Tuesday, November 23, 2010

To Tell---or Not to Tell---Her Husband She Has a Male Friend

(NOTE: Jim's blog is now devoted to answering relationship questions submitted by readers. Please send any questions you may have to jim@attorneyatlove.com).

DEAR JIM: The letter from the lady who likes to dance but her husband doesn't [see blog entry dated November 19, 2010] is a bit like my situation. I, too, am retired and have become enthusiastic about watercolor painting, something I used to do but never had enough time for when I was younger. My husband, though, has never had any interest in art. That's OK with me, but I've met a really nice man in my class who is a very good painter and who has invited me to a couple of art openings and receptions. A part of me would like to go, but I haven't said anything to my husband about having a male friend, and I don't know how he'd react. My friend, by the way, is divorced, but he's been nothing but a gentleman and I'm sure he's not looking for anything other than friendship. Should I say something to my husband, or would that just be asking for trouble? ("CJ")

DEAR CJ: I definitely believe that it's possible for a man and a woman to have a Platonic friendship, provided that they're both careful about crossing the line from friendship to romance. However, because some people do cross that line, I believe that married people should be honest with their spouses about such friendships, and, if necessary, hash out any issues that may arise.

Your husband hasn't told you he doesn't want you to go places with your friend, and for all you know he might be totally agreeable to the idea. So, coming out and telling him might resolve the problem on the spot.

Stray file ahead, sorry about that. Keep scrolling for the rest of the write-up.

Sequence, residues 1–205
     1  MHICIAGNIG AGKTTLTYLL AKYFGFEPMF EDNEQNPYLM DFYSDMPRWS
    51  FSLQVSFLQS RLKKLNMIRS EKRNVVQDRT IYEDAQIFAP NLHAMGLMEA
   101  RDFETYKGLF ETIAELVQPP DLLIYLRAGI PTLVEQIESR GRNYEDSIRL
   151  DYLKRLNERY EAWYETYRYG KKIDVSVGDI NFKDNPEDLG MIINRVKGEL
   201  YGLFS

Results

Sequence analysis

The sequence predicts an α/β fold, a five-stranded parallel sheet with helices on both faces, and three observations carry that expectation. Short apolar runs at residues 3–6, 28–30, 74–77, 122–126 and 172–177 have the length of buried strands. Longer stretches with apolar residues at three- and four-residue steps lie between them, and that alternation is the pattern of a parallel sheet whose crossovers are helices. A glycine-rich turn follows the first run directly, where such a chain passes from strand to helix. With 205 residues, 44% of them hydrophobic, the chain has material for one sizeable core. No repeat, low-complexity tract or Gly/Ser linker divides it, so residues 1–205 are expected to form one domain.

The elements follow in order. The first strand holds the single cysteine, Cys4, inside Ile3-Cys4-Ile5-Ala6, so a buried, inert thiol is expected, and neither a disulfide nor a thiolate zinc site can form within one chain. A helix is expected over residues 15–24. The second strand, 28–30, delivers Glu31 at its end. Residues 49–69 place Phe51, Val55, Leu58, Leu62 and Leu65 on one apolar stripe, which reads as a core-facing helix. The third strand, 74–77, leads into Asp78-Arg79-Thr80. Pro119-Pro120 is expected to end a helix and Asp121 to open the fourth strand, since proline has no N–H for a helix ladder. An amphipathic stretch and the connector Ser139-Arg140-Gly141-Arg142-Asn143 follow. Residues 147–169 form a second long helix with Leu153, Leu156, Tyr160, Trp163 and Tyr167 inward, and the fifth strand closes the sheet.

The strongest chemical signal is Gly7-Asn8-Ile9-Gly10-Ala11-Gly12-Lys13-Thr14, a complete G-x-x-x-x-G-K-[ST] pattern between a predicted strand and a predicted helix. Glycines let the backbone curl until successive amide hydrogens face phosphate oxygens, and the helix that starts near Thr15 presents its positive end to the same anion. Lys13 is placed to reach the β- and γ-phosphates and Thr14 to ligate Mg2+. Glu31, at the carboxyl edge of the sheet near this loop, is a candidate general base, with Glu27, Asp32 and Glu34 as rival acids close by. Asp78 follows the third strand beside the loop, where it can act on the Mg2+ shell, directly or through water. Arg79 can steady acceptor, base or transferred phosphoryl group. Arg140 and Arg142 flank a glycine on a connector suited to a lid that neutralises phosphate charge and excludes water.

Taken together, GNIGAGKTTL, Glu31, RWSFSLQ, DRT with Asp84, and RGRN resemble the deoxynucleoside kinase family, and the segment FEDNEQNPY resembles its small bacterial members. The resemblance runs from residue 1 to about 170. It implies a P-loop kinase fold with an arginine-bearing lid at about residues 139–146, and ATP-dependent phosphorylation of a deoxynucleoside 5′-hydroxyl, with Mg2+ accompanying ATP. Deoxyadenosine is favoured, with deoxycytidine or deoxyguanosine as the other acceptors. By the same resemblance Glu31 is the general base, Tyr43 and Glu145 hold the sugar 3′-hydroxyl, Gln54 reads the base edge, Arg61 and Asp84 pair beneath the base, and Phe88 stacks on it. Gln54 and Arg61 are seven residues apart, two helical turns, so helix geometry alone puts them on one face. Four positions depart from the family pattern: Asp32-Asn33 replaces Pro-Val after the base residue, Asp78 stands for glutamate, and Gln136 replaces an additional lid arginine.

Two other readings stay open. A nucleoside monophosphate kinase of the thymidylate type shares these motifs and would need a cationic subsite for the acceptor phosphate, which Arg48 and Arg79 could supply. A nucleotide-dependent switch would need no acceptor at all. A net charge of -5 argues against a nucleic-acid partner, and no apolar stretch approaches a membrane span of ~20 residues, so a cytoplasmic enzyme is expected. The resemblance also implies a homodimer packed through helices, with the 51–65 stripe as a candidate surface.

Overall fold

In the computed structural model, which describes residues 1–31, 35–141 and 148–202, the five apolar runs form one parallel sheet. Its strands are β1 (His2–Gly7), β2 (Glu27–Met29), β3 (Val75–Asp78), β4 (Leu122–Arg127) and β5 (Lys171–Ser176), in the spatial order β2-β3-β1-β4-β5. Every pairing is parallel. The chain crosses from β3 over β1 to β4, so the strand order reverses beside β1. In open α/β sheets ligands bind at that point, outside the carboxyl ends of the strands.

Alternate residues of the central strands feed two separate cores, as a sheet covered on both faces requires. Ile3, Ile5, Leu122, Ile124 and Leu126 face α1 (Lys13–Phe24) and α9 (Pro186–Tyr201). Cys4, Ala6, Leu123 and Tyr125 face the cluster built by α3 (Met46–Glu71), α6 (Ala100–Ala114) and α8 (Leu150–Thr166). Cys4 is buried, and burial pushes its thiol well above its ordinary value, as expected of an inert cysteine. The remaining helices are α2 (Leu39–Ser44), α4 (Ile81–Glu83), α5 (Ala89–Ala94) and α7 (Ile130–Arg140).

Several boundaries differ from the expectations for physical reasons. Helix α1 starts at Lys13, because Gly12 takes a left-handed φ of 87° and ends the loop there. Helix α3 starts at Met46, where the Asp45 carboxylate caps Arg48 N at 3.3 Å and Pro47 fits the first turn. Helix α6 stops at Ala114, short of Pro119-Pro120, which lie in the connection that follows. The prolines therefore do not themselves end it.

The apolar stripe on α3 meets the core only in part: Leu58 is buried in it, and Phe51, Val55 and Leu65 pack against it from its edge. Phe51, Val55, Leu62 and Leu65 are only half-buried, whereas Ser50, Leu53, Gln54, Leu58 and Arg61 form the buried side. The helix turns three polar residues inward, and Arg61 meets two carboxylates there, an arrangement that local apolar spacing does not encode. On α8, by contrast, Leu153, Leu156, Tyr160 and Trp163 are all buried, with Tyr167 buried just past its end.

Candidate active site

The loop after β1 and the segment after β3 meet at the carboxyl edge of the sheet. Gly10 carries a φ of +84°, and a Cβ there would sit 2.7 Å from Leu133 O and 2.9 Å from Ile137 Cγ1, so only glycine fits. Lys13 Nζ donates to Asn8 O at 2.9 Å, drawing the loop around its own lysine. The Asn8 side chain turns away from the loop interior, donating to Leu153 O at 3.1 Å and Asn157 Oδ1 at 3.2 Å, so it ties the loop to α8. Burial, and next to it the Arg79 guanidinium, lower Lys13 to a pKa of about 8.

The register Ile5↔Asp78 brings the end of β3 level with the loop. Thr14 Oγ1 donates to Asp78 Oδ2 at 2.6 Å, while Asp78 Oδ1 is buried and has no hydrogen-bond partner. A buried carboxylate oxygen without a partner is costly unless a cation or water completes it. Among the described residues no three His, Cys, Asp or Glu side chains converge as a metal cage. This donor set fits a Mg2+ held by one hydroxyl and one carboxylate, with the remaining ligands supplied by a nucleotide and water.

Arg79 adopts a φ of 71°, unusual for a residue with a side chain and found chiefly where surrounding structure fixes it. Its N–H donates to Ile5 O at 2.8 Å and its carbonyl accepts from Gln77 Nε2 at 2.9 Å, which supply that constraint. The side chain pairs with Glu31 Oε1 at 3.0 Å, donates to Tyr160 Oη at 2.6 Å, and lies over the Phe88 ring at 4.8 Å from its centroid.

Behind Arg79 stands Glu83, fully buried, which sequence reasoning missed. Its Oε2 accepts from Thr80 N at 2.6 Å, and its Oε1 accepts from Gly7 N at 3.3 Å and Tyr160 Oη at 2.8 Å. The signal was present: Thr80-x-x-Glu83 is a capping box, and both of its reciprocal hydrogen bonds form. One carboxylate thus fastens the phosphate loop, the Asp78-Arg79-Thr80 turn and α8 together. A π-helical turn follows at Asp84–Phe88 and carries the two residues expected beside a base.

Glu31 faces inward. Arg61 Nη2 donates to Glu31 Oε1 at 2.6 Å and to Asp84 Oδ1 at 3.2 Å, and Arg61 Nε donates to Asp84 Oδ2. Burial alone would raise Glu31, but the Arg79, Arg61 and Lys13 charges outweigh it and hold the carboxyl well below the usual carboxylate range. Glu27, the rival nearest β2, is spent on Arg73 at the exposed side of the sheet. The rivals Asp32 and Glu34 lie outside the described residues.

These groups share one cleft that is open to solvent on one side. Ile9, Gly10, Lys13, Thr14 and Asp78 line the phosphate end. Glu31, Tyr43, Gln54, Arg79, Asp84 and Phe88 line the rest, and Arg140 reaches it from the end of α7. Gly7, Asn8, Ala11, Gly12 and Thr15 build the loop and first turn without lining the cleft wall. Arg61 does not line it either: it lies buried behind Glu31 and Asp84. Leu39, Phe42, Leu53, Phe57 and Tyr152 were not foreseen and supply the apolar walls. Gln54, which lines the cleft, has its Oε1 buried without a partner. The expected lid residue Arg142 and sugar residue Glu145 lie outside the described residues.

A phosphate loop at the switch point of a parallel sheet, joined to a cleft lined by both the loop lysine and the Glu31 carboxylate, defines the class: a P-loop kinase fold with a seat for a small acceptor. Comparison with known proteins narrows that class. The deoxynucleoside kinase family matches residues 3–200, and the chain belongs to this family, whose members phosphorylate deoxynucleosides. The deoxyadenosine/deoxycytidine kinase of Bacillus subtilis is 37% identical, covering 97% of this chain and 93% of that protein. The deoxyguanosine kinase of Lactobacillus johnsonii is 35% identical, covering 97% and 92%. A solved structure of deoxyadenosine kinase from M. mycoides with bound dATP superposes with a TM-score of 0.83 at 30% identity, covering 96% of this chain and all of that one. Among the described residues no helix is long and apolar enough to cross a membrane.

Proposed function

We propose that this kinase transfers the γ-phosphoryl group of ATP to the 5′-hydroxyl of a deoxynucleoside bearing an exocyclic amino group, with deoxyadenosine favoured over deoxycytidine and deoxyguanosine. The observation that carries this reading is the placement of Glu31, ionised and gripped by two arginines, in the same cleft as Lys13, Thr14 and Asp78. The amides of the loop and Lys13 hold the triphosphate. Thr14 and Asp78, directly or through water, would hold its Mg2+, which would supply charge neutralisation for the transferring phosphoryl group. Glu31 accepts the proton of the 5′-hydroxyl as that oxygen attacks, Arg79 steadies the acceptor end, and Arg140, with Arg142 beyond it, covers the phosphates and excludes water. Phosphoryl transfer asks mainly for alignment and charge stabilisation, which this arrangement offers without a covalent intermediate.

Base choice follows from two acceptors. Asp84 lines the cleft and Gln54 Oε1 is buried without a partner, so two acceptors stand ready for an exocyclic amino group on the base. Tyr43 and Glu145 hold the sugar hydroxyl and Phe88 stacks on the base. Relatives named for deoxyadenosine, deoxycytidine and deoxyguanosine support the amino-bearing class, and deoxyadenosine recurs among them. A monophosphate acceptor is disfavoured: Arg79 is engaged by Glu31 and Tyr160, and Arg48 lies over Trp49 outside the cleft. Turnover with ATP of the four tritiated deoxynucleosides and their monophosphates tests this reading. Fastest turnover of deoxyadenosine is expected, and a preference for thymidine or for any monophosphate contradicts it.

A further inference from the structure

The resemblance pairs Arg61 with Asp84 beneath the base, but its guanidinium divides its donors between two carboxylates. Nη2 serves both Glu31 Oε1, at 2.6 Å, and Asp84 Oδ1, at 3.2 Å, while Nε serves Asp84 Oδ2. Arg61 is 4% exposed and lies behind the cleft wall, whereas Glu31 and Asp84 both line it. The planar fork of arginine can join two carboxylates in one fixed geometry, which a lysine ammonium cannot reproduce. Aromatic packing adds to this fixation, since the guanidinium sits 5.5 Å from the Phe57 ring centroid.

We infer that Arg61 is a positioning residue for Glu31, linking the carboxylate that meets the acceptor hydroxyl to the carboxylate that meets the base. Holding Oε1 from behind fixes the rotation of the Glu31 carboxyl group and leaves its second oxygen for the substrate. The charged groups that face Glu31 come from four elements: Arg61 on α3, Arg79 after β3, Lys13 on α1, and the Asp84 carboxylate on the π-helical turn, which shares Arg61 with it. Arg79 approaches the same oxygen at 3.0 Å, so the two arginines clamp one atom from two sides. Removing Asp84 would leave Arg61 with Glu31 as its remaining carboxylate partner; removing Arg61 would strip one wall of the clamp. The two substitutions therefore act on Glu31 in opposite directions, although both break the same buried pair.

And even if your husband reacts negatively, at least the situation is out in the open. My guess is that, if you didn't say anything to your husband, eventually you'd go to one of those art events anyway, because that's what you seem to want. And if that happened and your husband heard through the grapevine that you were there with a man---a man he had never heard about---your motives would immediately be suspect.

If you can present the facts to your husband the same way your presented them to me---that you and your friend have a common interest in art but that neither of you is interested in anything more than a friendship---he ought to react in a mature way. If he doesn't, you'd still be within your rights to go to the occasional art opening with your friend, although you'd want to be careful not to rub salt into your husband's wounds. So, don't go out to dinner afterward with your friend, don't start seeing him for drinks, etc. At some point, your husband would realize that he has nothing to worry about.

Good luck, CJ, and please let me know what happens.

Friday, November 19, 2010

Her Dancing Makes Hubby Jealous

(NOTE: Jim's blog is now devoted to answering relationship questions submitted by readers. Please send any questions you may have to jim@attorneyatlove.com).

DEAR JIM: My husband and I have been retired for three years. We moved to an age-restricted community where we have met many other couples, and we frequently socialize with them at our community center, especially on weekend nights when they have live music and dancing. I love to dance but, unfortunately, my husband doesn't. I've tried everything to get him interested, but he won't even go to the free lessons they have here. I could live with that---after all, I don't enjoy everything he likes, such as golf---but I can't stand the fact that he gets jealous if I dance with other men. He won't say anything at the time, but after we leave he'll ask me why I can't just do line dances the way a lot of women who don't have partners do. Jim, I enjoy dancing with a man! Is that so bad? All the men I've danced with are happily married and their wives don't mind. ("Phyllis")